Friendship United receives UCC grant for reducing carbon footprint

Friendship United Church in Demorestville. (Desirée Decoste/Gazette staff)

DESIRÉE DECOSTE

STAFF WRITER

The goal of addressing the issue of climate change isn’t stopping at the sanctuary door.

A carbon reduction grant program offered by the United Church of Canada (UCC) called Faithful Footprints aims to reduce the carbon footprint at churches across the country by 80 per cent as of 2050 offered up to $30,000 for each UCC location.

Working hard this past year to achieve the goal of reducing its carbon footprint is Friendship United Church in Demorestville (FUCD).

Friendship United Church in Demorestville. (Desirée Decoste/Gazette staff)

With the help of Faithful Footprints, FUCD conducted an energy audit to show church leaders where money would be best spent. After hours of meetings, FUCD came up with a carbon reduction plan and a schedule to accomplish their goal.

“Faithful Footprints is a partnership of Faith and the Common Good and The United Church of Canada,” said Bob Parsons, a member of FUCD. “Together, we are stepping up to reduce the United Church’s carbon emissions 80 per cent by 2050; doing our part to address climate change.”

Part of this program involves proper recycling efforts to keep items out of landfill sites. Faith and the Common Good is an interfaith network of religious communities who understand the Earth as a sacred gift. They believe their faith traditions are a key source of wisdom in the great spiritual quest of our time: Healing our beloved Earth. They believe They’re called to re-envision the way we live. 

The UCC Faithful Footprints program offers United Church congregations inspiration; tools, and grants to help them live their climate commitments. The grants are designed to reduce financial barriers for energy efficiency projects and are available for any United Church congregation, camp, or outreach ministry and are requiring congregations to submit two years’ worth of their energy data so that they can better measure improvements in the building’s energy use nationally, and so that you can see the difference that your own efforts make. They’re also requiring an energy audit. This audit should match the scale of the project and reflect an understanding of the potential energy savings.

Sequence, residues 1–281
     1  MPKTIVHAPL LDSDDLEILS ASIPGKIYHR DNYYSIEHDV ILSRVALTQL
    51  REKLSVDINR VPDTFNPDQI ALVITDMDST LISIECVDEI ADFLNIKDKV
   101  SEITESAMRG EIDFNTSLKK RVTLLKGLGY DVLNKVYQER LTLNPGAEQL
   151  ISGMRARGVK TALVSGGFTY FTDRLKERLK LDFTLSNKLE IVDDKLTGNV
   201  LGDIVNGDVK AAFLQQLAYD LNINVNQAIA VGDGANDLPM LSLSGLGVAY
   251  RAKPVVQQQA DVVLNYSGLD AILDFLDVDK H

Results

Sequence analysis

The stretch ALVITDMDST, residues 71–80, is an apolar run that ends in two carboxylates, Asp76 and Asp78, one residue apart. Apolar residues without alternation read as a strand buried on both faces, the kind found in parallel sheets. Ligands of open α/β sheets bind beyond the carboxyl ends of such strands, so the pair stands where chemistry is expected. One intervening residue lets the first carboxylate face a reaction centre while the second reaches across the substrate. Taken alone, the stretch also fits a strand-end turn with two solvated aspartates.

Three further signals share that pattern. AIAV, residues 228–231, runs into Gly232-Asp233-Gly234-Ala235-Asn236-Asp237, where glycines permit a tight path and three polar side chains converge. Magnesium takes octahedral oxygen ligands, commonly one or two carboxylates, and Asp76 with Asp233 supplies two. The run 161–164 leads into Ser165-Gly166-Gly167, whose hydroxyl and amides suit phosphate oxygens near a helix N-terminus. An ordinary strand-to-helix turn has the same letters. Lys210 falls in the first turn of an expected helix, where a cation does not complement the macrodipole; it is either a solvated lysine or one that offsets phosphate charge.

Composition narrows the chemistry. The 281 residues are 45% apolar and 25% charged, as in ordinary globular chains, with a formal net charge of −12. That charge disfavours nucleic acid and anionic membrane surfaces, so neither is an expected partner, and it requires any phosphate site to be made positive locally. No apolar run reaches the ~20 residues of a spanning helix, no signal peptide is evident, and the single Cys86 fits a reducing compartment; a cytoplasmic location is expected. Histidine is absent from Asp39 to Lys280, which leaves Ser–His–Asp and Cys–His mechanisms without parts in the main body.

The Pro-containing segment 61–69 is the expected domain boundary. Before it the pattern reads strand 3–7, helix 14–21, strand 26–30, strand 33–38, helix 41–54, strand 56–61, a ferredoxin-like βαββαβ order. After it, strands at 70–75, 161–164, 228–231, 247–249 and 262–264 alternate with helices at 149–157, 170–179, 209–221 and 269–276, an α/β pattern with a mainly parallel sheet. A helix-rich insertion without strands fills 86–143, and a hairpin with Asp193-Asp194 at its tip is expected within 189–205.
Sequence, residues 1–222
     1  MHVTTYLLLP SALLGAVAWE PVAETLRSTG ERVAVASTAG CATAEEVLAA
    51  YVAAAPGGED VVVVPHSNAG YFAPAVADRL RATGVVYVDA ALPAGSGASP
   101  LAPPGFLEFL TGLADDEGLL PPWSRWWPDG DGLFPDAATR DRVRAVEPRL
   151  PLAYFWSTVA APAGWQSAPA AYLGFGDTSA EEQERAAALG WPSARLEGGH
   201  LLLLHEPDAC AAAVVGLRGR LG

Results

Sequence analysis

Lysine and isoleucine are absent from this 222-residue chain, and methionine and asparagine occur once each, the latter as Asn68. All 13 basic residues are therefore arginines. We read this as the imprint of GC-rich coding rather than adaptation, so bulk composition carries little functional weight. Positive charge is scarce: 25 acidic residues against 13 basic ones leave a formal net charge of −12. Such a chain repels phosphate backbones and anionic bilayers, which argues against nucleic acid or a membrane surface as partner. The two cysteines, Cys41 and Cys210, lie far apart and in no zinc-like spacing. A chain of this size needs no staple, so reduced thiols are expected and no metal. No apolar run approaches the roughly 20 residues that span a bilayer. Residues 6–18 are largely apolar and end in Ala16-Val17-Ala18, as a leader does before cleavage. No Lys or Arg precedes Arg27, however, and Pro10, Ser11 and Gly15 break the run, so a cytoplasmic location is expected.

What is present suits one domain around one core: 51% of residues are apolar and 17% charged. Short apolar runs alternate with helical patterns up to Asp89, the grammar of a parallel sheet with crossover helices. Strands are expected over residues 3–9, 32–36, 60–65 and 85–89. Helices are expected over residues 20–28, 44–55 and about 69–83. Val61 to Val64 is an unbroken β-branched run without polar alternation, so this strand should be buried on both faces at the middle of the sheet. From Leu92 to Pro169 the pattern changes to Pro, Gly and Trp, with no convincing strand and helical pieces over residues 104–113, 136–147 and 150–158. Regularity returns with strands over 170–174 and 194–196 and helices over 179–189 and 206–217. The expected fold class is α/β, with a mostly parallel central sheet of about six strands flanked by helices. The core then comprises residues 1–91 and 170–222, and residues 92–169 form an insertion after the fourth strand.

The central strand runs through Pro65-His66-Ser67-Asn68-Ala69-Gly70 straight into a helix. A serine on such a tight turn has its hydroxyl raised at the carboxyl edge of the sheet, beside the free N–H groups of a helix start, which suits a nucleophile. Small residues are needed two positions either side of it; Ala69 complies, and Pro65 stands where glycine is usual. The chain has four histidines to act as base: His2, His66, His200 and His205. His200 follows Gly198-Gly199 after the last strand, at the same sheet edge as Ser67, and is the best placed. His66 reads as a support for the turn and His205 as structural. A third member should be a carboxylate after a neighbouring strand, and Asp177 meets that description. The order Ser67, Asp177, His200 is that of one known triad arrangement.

Finally, to access the grant, you must bring 50 per cent of your asking amount to the table for the planned energy efficiency project (if you request a $30,000 grant; congregation must add in $15,000 (50 per cent of grant) to equal $45,000 project). The grant will cover the following examples: 1) insulation of attic or walls; 2) major air sealing (caulking and weather-stripping); 3) Converting lights to LED’s; 4) installation of energy efficiency heating and cooling system; 5) upgrading of windows; 6) replacement of appliances with Energy Star appliances; 7) Any projects recommended for your building from an Energy Audit; 8) Solar installation if other actions have been done first. 

“In April of 2019, I travelled to my property in Nova Scotia,” expressed Parsons to The Gazette. “I attended Trinity United Church in Riverport, my Church away from home. I noticed work being done on the Church and was told they had a grant to do it.

Parsons forwarded info on the UCC grant to fellow congregate Paul Hillier  and plans for a Green Audit were completed and undertaken. By September 2019, the church were approved for a grant of $30,000.

Some upgrades that have been made to the church so far have cut back on hydro bills and met eco requirements they hadn’t been able to prior.

Since the church was heated with costly radiant electric heaters, FUCD first upgraded to a new 97 per cent efficient propane boiler, all new hydronic baseboard heaters and WI-FI set back thermostats in the CE Centre and sanctuary. All the lights in the church have been replaced with LED lighting. 

Both bathrooms were also updated with new toilets and motion sensor light switches. One bathroom now meets the Accessibility for Ontarians with Disabilities Act – 2005. Over the winter, spring and summer, the church sealed all the windows, doors and hatches; replaced the taps in the kitchen (which lower the water consumption), and two ductless air conditioners were installed in the CE Centre. 

“All this work has benefited the United Church of Canada and Friendship United Church, meeting the goals of reducing the financial burden and making the earth a cleaner place,” Parsons stated. “The lighting alone will save us $.24kw/h, making a pay back within four or five years on the lighting. Replacing the heating system made a huge difference in the comfort, the ability to protect the ageing plaster and mural in the sanctuary, not to mention the much lower hydro bills. Doing all these things help us to be better stewards of the earth, which was God’s plan. There are grants out there that can help homeowners. It shows the community that we all can make a difference one place at a time to help change the climate problem. We would like to do a presentation at the Church sometime; invite the community in to see what we have done and help show them how easy it is. You too can help with climate change, one house at a time. Take the initiative and it will pay you back. The new year is a great time to start making some changes that will help us care for this planet that God has entrusted us with.”

For more information please visit http://friendshipchurch.ca